Small is good for Tamara Zahaykevich, whose sweet little sculptures land in the nebulous space of being hung just right. There's enough of these minimalist musings in foam core and paint to create an idiosyncratic vision. Her work is like a glass of water in the desert, er a 25mm autocannon in the desert, compared to Bauer's dreck. Each of the complex geometric forms is sparely painted with bright colors, and curious images that mix minimalist aesthetics with a strain of lyrical expressionism at points. Zahaykevich has put together delicate compositions that revel in their own perfect scale, pitch, and craft. Sculpture trumps painting once again at Bellwether, surprise, surprise. Pearl Onion is performing emergency first aid for eyes through April 21st.

So I dropped by Rome Arts and was happy to see the little space being put to good use, a kind of experimental installation was crawling around the walls. I can't remember the artist's name or the title of the balloon, paint, drawing thing, but I remember feeling pleased that it really was trying hard to be interesting. Well, it just sort of looked sad, defeated, and deflated. I think it just reminded me of myself, so I'm not gonna recommend it. It gets lumped in with the axis of evil by default. I'm not sure how long this thing is gonna be hanging around either.

I keep checking the New YorkTimes website and seeing pictures of bodies. I'm just waiting to hear Saddam has tossed Serin on our troops, or someone detonated themselves in Macy's. It's really distracting, so let me think good thoughts.

Schroeder Romero is evil for showing such beautiful paintings by Jaq Chartier in her solo show Testing. Now, I know that Ross Bleckner made a career out of respecting the medium and crafting luxurious surfaces, but Chartier's stain paintings are exquisite. Painter's who want to sell like hot cakes take a note here ; steal from painters who create sumptuous surfaces that look tastier than a box of chocolates. Please don't cop from my man Guston again and expect to decorate Upper East Side living. I digress, Chartier's paintings/objects are also affordable, and I'd buy one if I didn’t spend all my cash hoarding canned beer for when I have to hole up during WWIII.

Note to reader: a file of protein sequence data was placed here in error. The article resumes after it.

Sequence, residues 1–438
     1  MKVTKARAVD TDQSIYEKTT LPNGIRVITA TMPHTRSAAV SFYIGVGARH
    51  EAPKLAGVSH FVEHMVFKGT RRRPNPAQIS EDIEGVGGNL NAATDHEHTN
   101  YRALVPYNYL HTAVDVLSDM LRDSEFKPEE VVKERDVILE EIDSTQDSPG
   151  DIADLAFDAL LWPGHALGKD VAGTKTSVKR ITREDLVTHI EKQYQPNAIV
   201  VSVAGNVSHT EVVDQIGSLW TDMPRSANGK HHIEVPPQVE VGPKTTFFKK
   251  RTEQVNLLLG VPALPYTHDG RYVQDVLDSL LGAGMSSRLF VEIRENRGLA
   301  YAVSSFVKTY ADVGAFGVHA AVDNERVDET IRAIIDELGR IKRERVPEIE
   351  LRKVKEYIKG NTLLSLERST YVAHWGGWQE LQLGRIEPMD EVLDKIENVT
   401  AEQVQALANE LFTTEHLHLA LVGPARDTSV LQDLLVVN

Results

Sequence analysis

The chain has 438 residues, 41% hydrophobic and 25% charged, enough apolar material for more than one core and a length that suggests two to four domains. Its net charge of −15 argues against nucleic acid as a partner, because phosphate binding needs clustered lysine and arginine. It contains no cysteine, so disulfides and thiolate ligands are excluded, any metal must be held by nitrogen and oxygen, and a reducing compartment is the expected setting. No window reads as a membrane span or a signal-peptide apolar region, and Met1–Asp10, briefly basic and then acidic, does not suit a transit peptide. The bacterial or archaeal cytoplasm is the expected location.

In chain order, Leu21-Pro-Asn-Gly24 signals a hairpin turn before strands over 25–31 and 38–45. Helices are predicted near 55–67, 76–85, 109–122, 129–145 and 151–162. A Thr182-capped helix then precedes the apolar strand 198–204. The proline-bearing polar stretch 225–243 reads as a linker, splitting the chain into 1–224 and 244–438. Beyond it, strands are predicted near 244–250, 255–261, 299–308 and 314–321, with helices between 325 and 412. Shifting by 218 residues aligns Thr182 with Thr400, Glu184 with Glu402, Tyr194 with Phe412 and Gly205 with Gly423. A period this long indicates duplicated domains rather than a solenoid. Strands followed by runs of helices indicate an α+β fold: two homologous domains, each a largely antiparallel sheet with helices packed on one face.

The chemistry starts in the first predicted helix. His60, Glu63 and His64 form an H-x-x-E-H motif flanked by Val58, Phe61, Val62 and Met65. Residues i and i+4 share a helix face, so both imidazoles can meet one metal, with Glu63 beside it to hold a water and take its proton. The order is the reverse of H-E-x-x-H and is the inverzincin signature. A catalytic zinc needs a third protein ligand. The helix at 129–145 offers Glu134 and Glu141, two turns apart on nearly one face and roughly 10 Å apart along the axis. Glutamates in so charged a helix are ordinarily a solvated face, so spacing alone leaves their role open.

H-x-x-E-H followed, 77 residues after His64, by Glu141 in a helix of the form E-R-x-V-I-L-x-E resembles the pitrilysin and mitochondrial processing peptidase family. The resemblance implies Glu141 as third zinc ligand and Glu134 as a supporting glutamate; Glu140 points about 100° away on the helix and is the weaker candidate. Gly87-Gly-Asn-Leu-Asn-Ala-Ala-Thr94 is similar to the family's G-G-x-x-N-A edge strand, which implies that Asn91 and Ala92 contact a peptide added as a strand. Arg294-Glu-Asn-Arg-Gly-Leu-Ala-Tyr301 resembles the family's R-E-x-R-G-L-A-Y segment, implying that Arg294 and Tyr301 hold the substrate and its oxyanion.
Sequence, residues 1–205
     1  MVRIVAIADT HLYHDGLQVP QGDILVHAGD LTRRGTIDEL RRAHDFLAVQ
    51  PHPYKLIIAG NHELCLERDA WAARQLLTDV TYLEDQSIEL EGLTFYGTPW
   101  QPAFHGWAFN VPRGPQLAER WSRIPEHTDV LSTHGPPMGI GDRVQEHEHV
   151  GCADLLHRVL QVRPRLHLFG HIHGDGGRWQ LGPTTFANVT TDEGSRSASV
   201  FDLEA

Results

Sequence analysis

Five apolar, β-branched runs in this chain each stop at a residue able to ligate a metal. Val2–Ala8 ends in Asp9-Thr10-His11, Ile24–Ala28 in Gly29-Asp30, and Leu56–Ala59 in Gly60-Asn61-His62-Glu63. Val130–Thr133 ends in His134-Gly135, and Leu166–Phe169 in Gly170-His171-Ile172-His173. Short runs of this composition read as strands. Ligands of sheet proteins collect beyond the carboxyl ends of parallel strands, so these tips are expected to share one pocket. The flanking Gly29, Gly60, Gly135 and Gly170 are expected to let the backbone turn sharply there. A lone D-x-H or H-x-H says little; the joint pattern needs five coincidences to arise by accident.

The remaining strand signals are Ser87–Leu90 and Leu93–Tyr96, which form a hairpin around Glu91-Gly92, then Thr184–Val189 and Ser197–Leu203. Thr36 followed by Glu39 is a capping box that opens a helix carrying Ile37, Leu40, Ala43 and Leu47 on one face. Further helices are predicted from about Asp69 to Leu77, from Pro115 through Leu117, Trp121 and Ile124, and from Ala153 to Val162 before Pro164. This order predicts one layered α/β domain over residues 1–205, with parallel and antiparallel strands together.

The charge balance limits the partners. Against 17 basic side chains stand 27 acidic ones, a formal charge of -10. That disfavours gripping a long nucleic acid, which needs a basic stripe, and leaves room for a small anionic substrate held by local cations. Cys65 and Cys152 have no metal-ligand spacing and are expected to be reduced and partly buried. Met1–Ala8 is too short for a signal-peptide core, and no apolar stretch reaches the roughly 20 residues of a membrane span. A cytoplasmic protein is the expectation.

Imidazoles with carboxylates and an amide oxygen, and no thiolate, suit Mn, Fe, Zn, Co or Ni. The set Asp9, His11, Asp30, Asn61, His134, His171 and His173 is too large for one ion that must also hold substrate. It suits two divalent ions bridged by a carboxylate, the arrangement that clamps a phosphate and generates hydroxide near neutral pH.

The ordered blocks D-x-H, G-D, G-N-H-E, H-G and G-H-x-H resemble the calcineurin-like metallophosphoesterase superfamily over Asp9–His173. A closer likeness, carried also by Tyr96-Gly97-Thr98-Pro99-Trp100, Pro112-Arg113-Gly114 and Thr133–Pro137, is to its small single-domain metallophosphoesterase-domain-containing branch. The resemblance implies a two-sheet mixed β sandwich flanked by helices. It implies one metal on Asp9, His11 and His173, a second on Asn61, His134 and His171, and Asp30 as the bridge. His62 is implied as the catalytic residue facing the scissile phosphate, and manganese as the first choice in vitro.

In the second gallery Kathe Burkhart displays an obsession with Liz Taylor in her irony-laden prints and drawings. A self-conscious display of feminist intervention into mediated images, Burkhart launches some stinging barbs that are funny and kind of sad. Overall, this is a good show with disparate artists who would probably kill each other in an argument about theory. Sort of like putting George and Saddam in a debate. Its scary to think who'd win either of these. Both shows are up through April 7th. If your decorating, get over there even if you’re a punk or a prima donna.

What gallery is in need of regime change this month? Curious Georger ought to oust Jack the Pelican for punishing the poor hipsters of Williamsburg with the most ridiculous display of literary snobbery I've ever seen. David Hutchinson's "Translastions of Jean Genet" is a deeply flawed project that only a French literary academic could love. Minimalists would probably cringe at that overt literary thesis at work here, but who cares about minimalists anyway. Shits over, its just pretty to look at. This thing though is the worst case of stripe painting via book spines to climb out of the infernal pits since Barnett Neuman dropped the ball. So, your probably thinking, gee, Keane is just a stupid idiot who's never read Jean Genet. Well, I haven't and this fucking show isn't inspiring me to go pick up a copy of Genet's avant-lit. I've conferred with others about this head scratcher and nobody wants to touch it. If you like this show, you're probably never going to be caught dead on Freewilliamsburg and don't own a television. You are listening to NPR now, sipping Green Tea, and filling out an impeachment ballot. "Translations of Jean Genet" is spurring revolt until March 31st. Oh please, hurry up and take this down. Salvage your reputation Jack.